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Ways to avoid panicking and being a source of calm in a crisis

To maintain your composure in a crisis, you must calm your physiological and emotional responses as best as possible.

GREENSBORO, N.C. — The FAA is investigating a near-collision between a plane getting ready for take-off and an aircraft crossing a taxiway at JFK airport in New York this past Friday night.

A passenger, Brian Heale, on one of the planes, said that when the plane stopped forcefully, he thought it was because of a mechanical issue. He didn't realize what had almost happened until he looked at his social media the next day. He said, "The pilot made the call to only share information on a need-to-know basis, and that was absolutely the right call because it would've been pandemonium."

This got us thinking about why some people panic in a crisis while others don't. We're all wired differently with different temperaments, stress levels and tolerances, reaction times, and fears. This means that some people are grace under fire in a crisis while others come undone at the seams. In an emergency, our limbic system goes into overdrive, which means that our body releases hormones like adrenaline to help us prepare to fight threats. Some people freeze in a crisis, so their reaction time is super slow.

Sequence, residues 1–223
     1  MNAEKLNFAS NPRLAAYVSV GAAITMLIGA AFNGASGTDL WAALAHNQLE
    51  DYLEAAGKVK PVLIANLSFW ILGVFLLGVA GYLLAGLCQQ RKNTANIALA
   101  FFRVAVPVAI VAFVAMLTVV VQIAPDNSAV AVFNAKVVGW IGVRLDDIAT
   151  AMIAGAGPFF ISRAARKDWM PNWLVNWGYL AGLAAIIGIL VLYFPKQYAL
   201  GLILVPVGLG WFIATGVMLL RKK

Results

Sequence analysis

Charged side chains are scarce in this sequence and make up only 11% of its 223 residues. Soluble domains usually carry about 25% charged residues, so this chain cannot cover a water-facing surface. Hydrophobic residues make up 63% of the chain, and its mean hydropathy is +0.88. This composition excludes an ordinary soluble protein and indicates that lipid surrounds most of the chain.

To maintain your composure in a crisis, you must calm your physiological and emotional responses as best as possible. Crying, screaming, hyperventilating, or even freezing isn't help you very much if you think to figure out what you need to do. Take deep breaths to reground yourself and get oxygen to your brain because you often tend to hold your breath. Deep breathing also helps to slow down your heart rate and slow down your breathing. You want to be able to think through situations as best you can.

When you're calm in a crisis, others can draw strength from your calmness. Remember that chaos has a contagion effect. Think about children who look at their parents when they're scared. Children tend to feel more relaxed when mom and dad are calm and acting like it's no big deal. Sometimes, it's best to tell people what they need to know to get through the crisis. You can fill in the details after the situation is over.

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